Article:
During the Bronze Age Indus-Europeans settled in the Bolognese area working the land and stock-raising. In the Iron Age the Villanova culture gave great impulse to metallurgy. From the VI Century B.C. during the Greek civilation the city of “Velsna” was founded (later called in Latin “Felsina”). The future city of Bologna developed important commercial routes with the Mediterranean basin. In the IV century B.C. Felsina fell under the Celts: Galli Boi, who introduced pig farming in this region. Today, pork is still the very favourite meat and is the base of all kinds of preserved meat. Then came the Romans (Felsina became Bononia) who ruled up to the III Century A.C., when the Lombards settled in the city and brought new cultural and urbanistic development. Under the new rulers in 1088 the first university was founded. Bologna beceme the first centre of studies in Europe, calling upon itself many scientists and man of letters. In the late Middle Ages, the population grew steadily and the city was made more efficient and easily to go through by the means of transportation of those times. In this period the famous porticoes (archades) were invented. A big economical expansion due to the presence of the University led in the XV century to the explosion of textile manufacturing, thanks to the most world efficient water-supplying system. Under the Papal State Bologna became centre of Catholic religion popularization, at this time many churches were built. In 1796 Bologna became capital city of the Cisalpina Republic founded by Napoleon. During the XIX century Bologna underwent a huge urban expansion and was the second city of the Reign. The XX century is sadly known for the harsh encounters nearby Bologna along the Linea Gotica (Gothic Line), and, on 21 April 1945, the Americans victoriously entered the city of Bologna.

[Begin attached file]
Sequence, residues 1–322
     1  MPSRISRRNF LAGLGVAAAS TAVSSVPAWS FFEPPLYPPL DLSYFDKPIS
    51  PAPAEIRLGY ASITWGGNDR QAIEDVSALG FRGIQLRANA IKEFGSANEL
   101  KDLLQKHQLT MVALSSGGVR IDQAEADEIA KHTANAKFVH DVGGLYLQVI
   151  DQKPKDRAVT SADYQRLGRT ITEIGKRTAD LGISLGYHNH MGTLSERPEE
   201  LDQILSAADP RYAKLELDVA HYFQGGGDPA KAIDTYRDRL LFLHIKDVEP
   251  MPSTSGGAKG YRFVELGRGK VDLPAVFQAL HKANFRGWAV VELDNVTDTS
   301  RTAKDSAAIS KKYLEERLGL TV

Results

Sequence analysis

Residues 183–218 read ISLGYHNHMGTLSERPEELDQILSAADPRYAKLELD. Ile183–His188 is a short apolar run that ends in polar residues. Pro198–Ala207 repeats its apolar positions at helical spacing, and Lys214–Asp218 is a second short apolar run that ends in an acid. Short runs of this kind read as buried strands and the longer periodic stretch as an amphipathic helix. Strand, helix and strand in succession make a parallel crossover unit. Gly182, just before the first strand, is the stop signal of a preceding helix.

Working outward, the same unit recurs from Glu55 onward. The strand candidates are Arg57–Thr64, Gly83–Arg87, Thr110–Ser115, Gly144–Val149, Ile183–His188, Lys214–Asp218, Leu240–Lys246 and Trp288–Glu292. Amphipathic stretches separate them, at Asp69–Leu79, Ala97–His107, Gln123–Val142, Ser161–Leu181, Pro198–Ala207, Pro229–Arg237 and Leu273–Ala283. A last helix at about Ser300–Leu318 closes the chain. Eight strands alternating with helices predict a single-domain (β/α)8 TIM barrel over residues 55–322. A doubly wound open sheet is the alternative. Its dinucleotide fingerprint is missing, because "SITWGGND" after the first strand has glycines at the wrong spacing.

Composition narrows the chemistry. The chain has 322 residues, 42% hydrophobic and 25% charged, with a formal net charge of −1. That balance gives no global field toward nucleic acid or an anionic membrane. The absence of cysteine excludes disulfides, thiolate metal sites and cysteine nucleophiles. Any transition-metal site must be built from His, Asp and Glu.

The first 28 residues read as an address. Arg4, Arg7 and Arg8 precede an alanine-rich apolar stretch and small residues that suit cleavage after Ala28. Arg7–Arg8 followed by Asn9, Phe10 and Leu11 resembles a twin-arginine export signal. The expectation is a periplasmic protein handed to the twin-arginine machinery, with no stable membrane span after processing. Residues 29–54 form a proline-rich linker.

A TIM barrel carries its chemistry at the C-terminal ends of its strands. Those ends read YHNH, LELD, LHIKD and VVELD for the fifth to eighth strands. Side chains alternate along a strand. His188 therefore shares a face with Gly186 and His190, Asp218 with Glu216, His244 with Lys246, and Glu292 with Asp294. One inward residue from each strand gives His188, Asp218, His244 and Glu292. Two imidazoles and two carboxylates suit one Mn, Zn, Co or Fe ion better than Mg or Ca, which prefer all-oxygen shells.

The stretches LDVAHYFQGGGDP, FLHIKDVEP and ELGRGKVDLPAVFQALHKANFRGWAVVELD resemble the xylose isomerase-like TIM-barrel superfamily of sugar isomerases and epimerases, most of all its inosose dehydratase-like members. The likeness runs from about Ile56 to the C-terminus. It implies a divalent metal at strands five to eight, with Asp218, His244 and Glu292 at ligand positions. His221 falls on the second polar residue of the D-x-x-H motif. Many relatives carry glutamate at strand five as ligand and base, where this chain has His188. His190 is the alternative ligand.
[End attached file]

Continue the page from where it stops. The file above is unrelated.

Le due torri (Two Towers)
These two towers are one of the most famous symbols of the city of Bologna. Garisenda tower (48 m) is the leaning one due to the sinking of the ground underneath during the XIVth century. Today it still maintains its stability. Torre degli Asinelli (Asinelli Tower), the highest one (98 m), was built in the XII century, but in the XIV century it was shortened to its actual height. The tower still rests on a layer of selenite rock. You can get to the Two Towers from via Ugo Bassi and via Rizzoli, via Santo Stefano, via Zamboni, Strada Maggiore and via Castiglione. From Piazza Maggiore, walk towards Piazza Re Enzo (the square in front of piazza Maggiore) and turn right down Via Rizzoli. From the train station all you have to do is walk up all Via Indipendenza and then turn left in Via Rizzoli. Only torre Asinelli is open for visit from 9:00 to 18:00 during the Summer and from 9:00 to 17:00 during the Winter. Admission € 3,00.
La fontana del Nettuno (Neptune’s Fountain)
Also known as Giant’s fountain, the great bronze statue of the sea-god is considered one of the most beautiful statues of XVI Century. It is between Palazzo Comunale (Comunal Palace) and Palazzo Re Enzo (King Enzo Palace) and towards the right facing the church of San Petronio. It was designed by the architect T. Laureti in 1563, while as the mermaids from which the water spurts were designed by Gianbologna in 1566, the four basins at each angle of the statue were built in 1604. The fountain is a typical meeting point for all Bolognese. From the train station you walk up via Indipendenza until you’ll find it just in front of you. .